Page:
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Sacred Gardens of India Sources


Andal Nandavanam, Srivilliputhur (Tamilnadu)

Sacred gardens are an ancient tradition in many major cultures, including our own. They are the cultivated counterparts of the sacred groves and are a place for meditation, spiritual awakening and celebration.

Although, there is less archaeological evidence of early gardens in India, the Hindu scriptures and books (Ramayana, Abijnana Shakuntalam, Mrichchakatika etc.) give remarkably detailed description of elaborate gardens with flowerbeds, lotus ponds, fruiting trees, creepers and shady spaces. Infact, gardens were a symbol of paradise in Hindu philosophy and art.


  • Nandavanam – Divine plays (leelas) of Hindu Gods are often depicted in gardens. Most Hindu temples are therefore associated with gardens, also known as Nandavanam. These gardens are usually managed and maintained to serve the temple. For example, the Thirunandavanam or Madurakavi nandavanam attached to the Renganathar temple at Srirangam.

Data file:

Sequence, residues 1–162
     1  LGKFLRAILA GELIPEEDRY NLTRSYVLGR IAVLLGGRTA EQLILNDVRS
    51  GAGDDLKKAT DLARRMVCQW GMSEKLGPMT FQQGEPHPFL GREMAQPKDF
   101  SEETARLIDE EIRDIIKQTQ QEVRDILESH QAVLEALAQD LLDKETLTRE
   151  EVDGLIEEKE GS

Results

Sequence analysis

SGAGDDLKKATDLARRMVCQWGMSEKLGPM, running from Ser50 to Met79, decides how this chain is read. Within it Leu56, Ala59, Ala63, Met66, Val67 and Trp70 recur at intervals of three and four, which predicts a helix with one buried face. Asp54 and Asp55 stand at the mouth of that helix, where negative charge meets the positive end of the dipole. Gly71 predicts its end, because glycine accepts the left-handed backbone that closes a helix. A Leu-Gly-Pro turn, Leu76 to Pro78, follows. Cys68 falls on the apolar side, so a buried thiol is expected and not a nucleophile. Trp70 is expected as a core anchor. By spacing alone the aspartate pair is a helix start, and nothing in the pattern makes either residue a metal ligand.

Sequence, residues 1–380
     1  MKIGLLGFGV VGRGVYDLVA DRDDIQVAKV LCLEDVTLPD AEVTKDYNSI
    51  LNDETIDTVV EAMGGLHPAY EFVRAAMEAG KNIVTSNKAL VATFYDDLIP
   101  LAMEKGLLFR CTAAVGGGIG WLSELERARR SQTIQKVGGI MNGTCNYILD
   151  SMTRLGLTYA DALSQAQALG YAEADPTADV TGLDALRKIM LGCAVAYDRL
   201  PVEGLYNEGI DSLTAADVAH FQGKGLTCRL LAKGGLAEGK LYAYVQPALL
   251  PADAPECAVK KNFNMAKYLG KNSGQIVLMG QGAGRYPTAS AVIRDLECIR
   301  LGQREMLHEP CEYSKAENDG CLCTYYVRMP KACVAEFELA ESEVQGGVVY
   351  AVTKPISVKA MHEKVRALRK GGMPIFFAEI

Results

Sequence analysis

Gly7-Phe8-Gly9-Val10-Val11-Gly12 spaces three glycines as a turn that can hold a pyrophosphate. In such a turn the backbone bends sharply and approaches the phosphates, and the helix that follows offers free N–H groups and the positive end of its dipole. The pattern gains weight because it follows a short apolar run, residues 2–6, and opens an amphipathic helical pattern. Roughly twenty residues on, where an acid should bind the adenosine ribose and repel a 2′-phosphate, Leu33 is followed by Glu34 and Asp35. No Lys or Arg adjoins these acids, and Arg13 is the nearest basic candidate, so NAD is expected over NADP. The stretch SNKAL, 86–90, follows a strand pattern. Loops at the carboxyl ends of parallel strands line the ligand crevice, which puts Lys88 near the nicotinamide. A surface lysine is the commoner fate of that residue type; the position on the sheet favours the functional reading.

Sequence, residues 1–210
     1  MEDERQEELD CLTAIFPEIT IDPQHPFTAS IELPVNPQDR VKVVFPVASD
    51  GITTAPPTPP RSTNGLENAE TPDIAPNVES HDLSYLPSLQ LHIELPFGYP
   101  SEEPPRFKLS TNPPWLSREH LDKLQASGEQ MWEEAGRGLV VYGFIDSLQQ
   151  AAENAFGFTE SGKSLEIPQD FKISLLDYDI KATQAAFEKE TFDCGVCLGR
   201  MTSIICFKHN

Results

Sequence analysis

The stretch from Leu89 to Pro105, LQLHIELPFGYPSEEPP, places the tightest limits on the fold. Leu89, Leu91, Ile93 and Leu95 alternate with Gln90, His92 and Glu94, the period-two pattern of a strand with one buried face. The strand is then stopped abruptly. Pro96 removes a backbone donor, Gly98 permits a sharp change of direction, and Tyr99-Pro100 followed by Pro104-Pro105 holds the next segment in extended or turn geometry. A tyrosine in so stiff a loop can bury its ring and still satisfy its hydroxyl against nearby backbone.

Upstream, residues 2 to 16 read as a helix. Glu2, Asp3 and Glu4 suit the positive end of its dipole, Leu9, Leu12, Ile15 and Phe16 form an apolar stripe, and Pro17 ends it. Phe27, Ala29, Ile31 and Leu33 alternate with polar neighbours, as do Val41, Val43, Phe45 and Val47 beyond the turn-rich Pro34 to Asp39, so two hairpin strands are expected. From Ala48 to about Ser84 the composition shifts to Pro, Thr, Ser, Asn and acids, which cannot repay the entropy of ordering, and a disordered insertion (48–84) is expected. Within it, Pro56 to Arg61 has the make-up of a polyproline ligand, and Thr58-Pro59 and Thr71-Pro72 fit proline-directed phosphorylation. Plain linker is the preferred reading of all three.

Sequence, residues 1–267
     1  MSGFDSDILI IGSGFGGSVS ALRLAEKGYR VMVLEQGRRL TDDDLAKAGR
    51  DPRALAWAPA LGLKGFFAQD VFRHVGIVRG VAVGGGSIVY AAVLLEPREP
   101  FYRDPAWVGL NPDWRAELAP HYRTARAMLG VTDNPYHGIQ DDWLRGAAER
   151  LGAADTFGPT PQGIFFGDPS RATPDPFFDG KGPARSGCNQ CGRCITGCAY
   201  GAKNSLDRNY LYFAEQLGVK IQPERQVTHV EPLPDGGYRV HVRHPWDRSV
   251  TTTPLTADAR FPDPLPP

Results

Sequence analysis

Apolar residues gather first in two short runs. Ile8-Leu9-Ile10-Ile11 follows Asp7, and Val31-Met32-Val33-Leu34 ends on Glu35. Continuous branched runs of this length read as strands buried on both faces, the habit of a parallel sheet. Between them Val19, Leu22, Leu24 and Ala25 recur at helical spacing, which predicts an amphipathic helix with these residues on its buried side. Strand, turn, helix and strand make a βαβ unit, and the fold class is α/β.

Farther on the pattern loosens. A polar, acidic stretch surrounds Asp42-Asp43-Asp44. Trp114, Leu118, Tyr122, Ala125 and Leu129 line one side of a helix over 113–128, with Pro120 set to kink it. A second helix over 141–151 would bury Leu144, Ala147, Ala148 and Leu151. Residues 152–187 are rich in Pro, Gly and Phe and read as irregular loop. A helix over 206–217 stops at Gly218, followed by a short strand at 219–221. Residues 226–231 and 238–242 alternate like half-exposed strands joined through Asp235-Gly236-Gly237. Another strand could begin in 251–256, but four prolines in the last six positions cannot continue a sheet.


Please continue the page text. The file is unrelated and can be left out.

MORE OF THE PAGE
• Bagh (Bagicha) – They are ethno-silvi-horticultural gardens, traditionally planted near tanks, settlements or amidst forests, especially in the northern parts of our country. The biodiversity mainly consists of utility trees such as Mangifera indica, Madhuca latifolia, Syzygium cuminii etc. Green felling is totally banned in these gardens. Also, there is temple or separate space dedicated to the Gods (or village deity). For example, an excellent Bagh exists near a village inside the Darrah Wildlife Sanctuary in Kota. (Source: Sacred Forestry by Deep N. Pandey)
  • Buddhists gardens – In Buddhism, gardens are described as a place for meditation and healing. There were beautiful gardens in Nalanda and Taxila. It is even believed that Lord Buddha was born under a tree at the Lumbini garden (now in Nepal), which is now listed as a World Heritage Site. The monasteries played a central part of the life in the monasteries during early periods. Even today, many monasteries in India have gardens attached to them. 

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